'Having that card is important': Even after vaccination, health officials recommend keeping COVID-19 card
BATON ROUGE - As eligibility for coronavirus vaccines continues to grow in Louisiana, more and more people will soon have one of the small, white COVID-19 vaccination cards popping up across social media.
"This pandemic has really brought a new level of conscientiousness to vaccine status," Dr. Dawn Marcelle, the Louisiana Department of Health's regional medical director for the capital area, said.
For some, the pocket-sized cards are a badge of honor, the equivalent of an 'I voted' sticker, but state health leaders say they're much more than that.
"It is an additional form of proof," Marcelle said. "I say an additional form of proof because each vaccine that is administered is entered electronically into our state record."
Unlike the state's electronic system, these cards are at our fingertips. As talk swirls of a potential 'vaccine passport' - that would essentially allow a cardholder to do some pre-pandemic things, whether it's an event or a trip - Marcelle says don't get rid of it just because you've received your shots.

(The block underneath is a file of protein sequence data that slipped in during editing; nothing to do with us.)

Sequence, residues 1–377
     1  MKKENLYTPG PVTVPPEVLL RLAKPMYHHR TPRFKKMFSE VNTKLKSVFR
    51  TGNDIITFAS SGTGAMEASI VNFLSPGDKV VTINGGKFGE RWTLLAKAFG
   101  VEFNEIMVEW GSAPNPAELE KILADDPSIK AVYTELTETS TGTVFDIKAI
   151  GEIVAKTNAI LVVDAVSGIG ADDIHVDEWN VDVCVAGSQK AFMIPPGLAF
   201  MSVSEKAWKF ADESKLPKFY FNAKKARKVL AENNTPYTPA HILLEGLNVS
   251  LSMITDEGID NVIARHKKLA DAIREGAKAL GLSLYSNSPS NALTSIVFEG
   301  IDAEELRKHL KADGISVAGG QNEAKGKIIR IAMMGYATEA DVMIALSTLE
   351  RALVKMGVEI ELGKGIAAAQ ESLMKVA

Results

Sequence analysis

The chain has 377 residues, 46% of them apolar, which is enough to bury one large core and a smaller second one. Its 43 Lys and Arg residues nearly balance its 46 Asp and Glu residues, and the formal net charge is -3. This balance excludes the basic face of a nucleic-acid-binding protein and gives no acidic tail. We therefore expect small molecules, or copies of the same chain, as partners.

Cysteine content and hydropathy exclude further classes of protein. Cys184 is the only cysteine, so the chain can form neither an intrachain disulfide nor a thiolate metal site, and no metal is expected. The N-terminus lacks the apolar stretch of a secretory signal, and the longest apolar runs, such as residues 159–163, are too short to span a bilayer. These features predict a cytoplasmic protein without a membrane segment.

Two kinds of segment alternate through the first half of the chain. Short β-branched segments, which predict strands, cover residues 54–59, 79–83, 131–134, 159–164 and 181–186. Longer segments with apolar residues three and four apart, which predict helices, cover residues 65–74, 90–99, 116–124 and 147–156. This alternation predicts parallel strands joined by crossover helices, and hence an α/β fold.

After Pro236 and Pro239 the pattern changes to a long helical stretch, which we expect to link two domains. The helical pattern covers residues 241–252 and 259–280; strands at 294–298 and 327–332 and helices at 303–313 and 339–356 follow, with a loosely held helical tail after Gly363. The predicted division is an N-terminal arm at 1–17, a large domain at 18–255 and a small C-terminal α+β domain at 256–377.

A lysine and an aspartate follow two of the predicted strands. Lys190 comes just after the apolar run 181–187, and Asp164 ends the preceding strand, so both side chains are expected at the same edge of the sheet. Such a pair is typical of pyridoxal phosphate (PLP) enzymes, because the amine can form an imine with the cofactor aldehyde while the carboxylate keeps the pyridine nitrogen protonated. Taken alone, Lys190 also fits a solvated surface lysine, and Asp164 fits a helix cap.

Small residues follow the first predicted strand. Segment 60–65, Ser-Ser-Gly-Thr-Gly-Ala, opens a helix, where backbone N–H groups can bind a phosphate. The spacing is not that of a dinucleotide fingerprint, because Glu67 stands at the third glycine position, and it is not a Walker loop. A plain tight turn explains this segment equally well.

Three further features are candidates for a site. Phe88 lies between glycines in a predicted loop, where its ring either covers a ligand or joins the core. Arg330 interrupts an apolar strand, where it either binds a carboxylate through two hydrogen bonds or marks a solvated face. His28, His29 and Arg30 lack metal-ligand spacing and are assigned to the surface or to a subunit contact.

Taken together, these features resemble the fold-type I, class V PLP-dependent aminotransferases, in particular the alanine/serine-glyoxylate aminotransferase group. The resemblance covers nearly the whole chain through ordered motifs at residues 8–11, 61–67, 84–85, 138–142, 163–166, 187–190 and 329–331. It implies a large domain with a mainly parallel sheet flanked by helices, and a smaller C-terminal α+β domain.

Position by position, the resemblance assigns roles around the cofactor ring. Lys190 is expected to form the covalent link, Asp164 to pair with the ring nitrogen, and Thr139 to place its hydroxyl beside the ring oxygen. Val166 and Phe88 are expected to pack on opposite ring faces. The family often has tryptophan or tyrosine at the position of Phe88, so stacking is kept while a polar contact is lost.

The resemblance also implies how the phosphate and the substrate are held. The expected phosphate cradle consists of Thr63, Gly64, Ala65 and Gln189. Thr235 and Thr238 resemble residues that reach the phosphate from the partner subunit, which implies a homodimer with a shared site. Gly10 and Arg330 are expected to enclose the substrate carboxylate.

"Currently, there is no regulatory use of these white cards, but there is discussion that perhaps they may be indicated for travel or participation, or attendance, at large-scale public events at some point in the future," Marcelle said.
She says it's too premature to predict what exactly these cards might end up being required for, but she cautions, they also could come into play if a COVID-19 booster shot becomes a routine or yearly thing in the future, as some experts say will be necessary as variants continue to emerge.
"If booster shots are needed, be that an annual schedule, or like the common booster shot, the tetanus booster shot every ten years, having that card is important because it gives you that date," Marcelle said. "It helps you count to know when an additional dose would be due in the future if that is what this evolves to."
While personal vaccination cards aren't very common, and with the pandemic not yet under control, Marcelle says having immediate proof of vaccination might come in handy, in both the short-term and long-term.
"We want to be prepared in every way, and [having a card] would be a part of preparation in keeping people safe and moving back into formally normal activities in life," Marcelle said.
Health officials warn against posting your vaccination card on social media, but say keeping a digital copy of the card will also work for any requirements that could be announced.
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